disease-modifying bantirheumatic drugs

The disease-modifying bantirheumatic drugs - A group of antirheumatic drugs, known as DMARDs, that are used in the treatment of rheumatoid arthritis. Certain antimalarial drugs, anticancer drugs, and immunosuppressant drugs are used for this purpose. Examples of DMARDs are sulfasalazine, chloroquine, methotrexate, gold compounds (for example auranofin), and penicillamine.

DMARDs not only improve the symptoms and signs of inflammatory joint disease, but they also slow the course of the illness. (In contrast, nonsteroidal antiinflammatory drugs relieve symptoms but do not alter the progress of the disease.) Some DMARDs are cytotoxic, which means that they kill rapidly dividing cells. Gold compounds and penicillamine may impede the immune system from producing specialized proteins called antibodies (see antibody) that contribute towards damage to joints. Sulfasalazine interferes with a variety of inflammatory processes in the body, and chloroquine suppresses the effects of arthritis.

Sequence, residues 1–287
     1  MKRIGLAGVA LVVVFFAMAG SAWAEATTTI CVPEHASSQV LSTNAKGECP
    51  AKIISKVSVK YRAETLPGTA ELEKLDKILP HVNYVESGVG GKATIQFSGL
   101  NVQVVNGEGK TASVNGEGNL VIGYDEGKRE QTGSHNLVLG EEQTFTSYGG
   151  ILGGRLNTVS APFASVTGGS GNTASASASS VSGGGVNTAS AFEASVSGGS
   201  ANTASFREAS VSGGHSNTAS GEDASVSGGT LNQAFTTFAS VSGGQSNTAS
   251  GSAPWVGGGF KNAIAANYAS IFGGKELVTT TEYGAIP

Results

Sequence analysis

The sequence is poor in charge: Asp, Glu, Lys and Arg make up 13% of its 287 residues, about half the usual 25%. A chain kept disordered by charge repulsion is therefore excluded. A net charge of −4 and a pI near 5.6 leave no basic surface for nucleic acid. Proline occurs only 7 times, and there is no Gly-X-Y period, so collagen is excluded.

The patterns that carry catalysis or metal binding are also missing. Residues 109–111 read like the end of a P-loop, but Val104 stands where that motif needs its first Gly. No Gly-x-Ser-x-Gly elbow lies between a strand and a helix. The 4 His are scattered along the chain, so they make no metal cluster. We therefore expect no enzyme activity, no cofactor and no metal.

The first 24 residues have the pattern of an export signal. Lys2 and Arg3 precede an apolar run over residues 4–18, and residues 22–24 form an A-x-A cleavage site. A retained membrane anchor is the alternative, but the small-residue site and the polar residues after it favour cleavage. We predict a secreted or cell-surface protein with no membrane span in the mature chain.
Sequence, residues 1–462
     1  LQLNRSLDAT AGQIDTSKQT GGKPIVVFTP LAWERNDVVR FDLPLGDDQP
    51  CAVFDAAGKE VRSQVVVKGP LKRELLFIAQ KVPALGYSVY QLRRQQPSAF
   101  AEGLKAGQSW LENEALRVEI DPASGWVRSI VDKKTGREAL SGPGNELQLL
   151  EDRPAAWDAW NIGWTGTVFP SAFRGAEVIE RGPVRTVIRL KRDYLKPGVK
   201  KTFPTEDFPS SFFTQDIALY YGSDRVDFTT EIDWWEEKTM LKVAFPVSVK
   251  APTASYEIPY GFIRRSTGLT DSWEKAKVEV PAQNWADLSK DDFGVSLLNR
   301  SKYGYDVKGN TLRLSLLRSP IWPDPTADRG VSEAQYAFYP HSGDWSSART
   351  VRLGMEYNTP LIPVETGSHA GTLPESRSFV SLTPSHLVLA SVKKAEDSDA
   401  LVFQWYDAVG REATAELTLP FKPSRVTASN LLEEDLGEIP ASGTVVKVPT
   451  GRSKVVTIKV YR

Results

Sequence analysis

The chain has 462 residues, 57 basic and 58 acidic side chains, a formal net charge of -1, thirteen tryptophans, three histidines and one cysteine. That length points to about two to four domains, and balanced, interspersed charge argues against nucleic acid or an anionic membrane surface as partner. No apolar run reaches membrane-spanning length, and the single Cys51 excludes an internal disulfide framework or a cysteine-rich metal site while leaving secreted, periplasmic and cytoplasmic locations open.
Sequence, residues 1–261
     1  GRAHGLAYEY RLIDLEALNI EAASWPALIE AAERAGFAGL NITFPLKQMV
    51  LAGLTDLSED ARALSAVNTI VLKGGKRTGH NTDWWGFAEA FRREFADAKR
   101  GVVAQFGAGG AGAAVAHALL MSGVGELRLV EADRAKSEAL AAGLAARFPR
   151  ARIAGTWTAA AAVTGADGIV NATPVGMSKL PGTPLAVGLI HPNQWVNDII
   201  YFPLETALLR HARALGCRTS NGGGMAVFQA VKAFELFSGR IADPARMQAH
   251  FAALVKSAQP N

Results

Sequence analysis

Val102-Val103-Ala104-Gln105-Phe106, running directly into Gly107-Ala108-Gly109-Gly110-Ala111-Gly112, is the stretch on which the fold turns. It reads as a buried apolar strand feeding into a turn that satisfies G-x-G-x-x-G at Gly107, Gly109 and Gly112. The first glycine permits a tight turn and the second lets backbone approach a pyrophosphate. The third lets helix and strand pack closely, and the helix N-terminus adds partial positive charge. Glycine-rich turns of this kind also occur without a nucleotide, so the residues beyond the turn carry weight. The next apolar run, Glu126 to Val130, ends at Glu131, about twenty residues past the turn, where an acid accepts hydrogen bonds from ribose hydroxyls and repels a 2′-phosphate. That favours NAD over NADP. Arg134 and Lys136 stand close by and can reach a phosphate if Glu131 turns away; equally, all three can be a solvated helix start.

In general, DMARDs may need to be used for several months before the full effects are felt. For this reason, many specialists recommend starting therapy early to prevent or delay the progression of joint damage. Treatment with a combination of DMARDs may be more effective than a single drug, and may enable lower doses of each drug to be used, reducing the risk of adverse effects.

Possible side effects depend on the drug taken. They include diarrhoea, rash, anaemia (a reduced level of the oxygen-carrying pigment haemoglobin in the blood), leukopenia (a low white blood cell count), and increased susceptibility to infection. Regular blood tests and urine tests (see urinalysis) are needed during treatment to monitor the effects of DMARDs on the bone marrow, kidneys, and liver.


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